Today: more editing, more Coriolanus, and prep for tonight's reading; a long walk, more garden-design study, and something or other for dinner. I'm hoping to hear from my younger son, who should be getting back to his Temagami base camp today. In eleven days we will close on a new house, and nothing else has gone wrong, as far as we can tell. I am itching to start tearing out weeds. In twelve days I will once again be the kind of woman who owns a wheelbarrow and a compost pile.
Each time she reaches for her keys, she recalls what you must be
willing to turn into for love: spiny oyster mushrooms, damson, salt
marsh, cedar, creosote, new bud of pomegranate, Aegean sage blue
sea, fig, blueberry, marigold, leaf fall, frog's eye, dusty miller, thief-of-the-night. 
--from Nikky Finney's "Cattails"

Sunday, August 6, 2017

The fog has lifted, the rain has swept out to sea, and Sunday is dawning blue and gold. I am sitting at a grey kitchen table and wearing a red bathrobe and drinking black coffee from a white cup. On the table beside me are two books: Kenneth Roberts's Rabble in Arms and Nikky Finney's Head Off & Split. Outside the window, an invisible cardinal is singing, singing, singing.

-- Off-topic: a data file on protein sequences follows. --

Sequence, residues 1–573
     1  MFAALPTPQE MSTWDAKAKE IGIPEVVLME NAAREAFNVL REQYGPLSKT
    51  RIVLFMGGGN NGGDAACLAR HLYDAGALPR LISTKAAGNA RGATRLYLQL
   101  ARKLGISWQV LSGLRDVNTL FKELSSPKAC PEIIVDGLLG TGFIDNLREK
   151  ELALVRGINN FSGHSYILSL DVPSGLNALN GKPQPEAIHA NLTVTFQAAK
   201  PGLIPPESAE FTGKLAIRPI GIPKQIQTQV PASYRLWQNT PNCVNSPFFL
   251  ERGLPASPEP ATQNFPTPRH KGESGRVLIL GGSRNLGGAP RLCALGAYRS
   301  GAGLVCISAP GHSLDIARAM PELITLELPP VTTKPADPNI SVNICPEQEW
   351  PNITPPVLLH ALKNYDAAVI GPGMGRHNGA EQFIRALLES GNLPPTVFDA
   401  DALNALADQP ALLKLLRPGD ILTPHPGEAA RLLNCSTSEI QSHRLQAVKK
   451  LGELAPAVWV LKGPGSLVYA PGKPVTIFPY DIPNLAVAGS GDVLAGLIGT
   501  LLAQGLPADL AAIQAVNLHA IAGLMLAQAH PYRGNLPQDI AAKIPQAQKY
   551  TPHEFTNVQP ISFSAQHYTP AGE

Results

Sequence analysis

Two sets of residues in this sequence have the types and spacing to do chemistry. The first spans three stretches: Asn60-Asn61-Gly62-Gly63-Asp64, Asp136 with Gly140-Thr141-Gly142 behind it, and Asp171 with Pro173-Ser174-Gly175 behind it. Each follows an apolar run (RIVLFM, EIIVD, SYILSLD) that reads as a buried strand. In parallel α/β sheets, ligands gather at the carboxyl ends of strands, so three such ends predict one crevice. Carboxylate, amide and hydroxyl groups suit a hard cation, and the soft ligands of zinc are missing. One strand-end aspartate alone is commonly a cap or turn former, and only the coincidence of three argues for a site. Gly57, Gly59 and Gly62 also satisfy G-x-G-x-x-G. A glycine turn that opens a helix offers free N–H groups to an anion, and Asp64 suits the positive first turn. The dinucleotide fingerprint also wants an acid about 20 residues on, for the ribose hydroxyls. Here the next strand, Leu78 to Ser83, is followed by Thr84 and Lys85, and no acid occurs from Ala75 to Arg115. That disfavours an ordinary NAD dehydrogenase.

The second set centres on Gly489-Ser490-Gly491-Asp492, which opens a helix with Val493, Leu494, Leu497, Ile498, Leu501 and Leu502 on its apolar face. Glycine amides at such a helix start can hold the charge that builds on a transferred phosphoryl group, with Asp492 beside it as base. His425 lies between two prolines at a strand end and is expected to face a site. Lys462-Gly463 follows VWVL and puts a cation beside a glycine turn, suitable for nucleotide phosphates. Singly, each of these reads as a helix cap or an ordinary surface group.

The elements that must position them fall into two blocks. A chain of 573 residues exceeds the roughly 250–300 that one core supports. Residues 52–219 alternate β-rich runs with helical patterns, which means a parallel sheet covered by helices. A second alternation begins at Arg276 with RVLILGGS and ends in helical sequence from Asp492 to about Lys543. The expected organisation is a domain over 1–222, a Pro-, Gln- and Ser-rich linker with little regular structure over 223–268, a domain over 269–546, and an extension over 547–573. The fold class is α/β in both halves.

I am feeling so strange right now, at least as regards my unpublished poetry manuscripts. One collection has just finaled for a national contest. The other is under serious consideration at two major publishing houses. Nothing may result; nothing probably will result. Yet I have never been in this position before. It bears some resemblance to an out-of-body experience, and I'm sorry if talking about it with you sounds like crowing. Of course I'm happy, but I'm also non plussed.

Tomorrow evening I'll be reading at the Word Portland series at LFK Bar in downtown Portland. The reading starts at 9, which is when I usually go to bed, and maybe you do too. But if you happen to be awake, you could come down and enjoy an audience full of irrepressible young people. They have charm.

Today I suppose I will do the regular things: housework, laundry, afternoon baseball. If, by chance, the neighbors catch sight of me lugging a basket of sheets up and down the stairs, they will never guess that I have a secret life.

Saturday, August 5, 2017

Yesterday I learned that my manuscript Songs about Women and Men is a finalist for the 2017 Autumn House Prize for Poetry. In early September, the contest judge, Alberto Rios, will announce the winner.